U.S. writer Dennis Lehane poses during the XXIV Noir Week book fair in Gijon
U.S. writer Dennis Lehane poses during the XXIV Semana Negra (Noir Week) book fair in the northern Spanish town of Gijon July 28, 2011.One of Europe's biggest literary festivals convenes for the 24th time in Spain until next July 31st in its annual bid to convince all comers that books are fun by mixing literary events with a fun fair. A million people a year visit ferris wheels and merry-go-rounds at the week-long "Semana Negra", but they also buy 50,000 books and rub shoulders with scores of writers from Europe, Latin America and North America. As well as readings and book launches, the Semana Negra also stages concerts, a photo-journalism exhibition and awards prizes for poetry, crime writing, science fiction, reporting, historical and fantasy novels. REUTERS

"Mystic River" author Dennis Lehane attributes the success of his books on the silver screen to his characters, which he says attract the attention of good actors.

Clint Eastwood's film version of "Mystic River" was nominated for the 2004 Oscar for Best Picture, Ben Affleck filmed "Gone, Baby, Gone" and Lehane admits a deal with Martin Scorsese for "Shutter Island" drew the envy and admiration of other writers.

But he does not write his novels with a movie in mind because, he says, it's a very different type of writing.

"A book is an apple and a movie is a giraffe," he said on the sidelines of the Semana Negra book festival in northern Spanish town Gijon. "Plenty of bad movies have been made from great books."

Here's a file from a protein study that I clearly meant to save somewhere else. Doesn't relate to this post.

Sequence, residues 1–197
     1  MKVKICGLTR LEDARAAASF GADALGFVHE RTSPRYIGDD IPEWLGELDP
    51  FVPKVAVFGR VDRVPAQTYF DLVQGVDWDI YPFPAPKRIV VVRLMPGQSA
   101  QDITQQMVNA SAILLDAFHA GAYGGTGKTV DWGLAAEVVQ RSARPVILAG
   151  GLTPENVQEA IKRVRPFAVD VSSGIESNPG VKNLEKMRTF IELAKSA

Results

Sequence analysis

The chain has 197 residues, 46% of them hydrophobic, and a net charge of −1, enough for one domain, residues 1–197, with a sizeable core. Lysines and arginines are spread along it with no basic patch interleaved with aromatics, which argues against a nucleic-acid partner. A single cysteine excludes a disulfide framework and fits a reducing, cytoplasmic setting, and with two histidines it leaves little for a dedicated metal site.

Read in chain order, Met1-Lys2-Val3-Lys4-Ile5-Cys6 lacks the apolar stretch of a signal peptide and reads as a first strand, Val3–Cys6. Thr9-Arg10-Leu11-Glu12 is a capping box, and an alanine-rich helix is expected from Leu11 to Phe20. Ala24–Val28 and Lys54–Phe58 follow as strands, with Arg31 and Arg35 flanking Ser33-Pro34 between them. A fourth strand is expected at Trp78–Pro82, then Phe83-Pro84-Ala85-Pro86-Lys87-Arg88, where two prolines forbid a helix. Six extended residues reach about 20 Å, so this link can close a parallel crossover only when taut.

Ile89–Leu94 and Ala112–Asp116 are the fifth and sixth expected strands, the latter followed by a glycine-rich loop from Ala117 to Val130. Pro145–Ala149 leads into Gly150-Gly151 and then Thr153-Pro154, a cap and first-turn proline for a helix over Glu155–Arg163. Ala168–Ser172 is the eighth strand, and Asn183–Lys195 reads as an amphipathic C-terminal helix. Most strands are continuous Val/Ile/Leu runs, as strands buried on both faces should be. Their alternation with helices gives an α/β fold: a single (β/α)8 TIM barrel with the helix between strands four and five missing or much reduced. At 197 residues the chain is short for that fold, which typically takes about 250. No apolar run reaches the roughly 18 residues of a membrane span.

In addition to writing nine novels, Boston-based Lehane was a scriptwriter for the gritty television series "The Wire," set in Baltimore. The international success of the series surprised him.

"We just thought we were writing this very small, very shaggy television show that was extremely low-rated. Nobody, as far as we knew watched us," he said.


Lehane says his novels are informed by the perennial conflict between the haves and have-nots.

"My core belief is that it's the battle of all time. It's been going on for centuries and it continues to this day and it's going on right now very clearly since the mortgage and stock meltdown, what happened in Iceland, Ireland and Greece," he said.

"You wrap it up in religions, in ideologies and extremes, but it is the exact same fight and it is always going on."

Boston detectives Angie Gennaro and Patrick Kenzie, familiar from his first five books, team up again in Lehane's latest novel, "Moonlight Mile," after a break of three books and 11 years. They now have to find a young woman who has disappeared for a second time.

"They're older, they're slower, they're far more vulnerable because they have a child, they're under a lot more stress, financially and emotionally, I would argue," he said.

"They are not the footloose and fearless fighters for justice that we lost in 'Prayers for Rain'."

Lehane is working on a 10th novel, to be set in the 1919-33 Prohibition era, when the sale of alcohol was banned in the United States. It features a couple of characters from an earlier book, "The Given Day."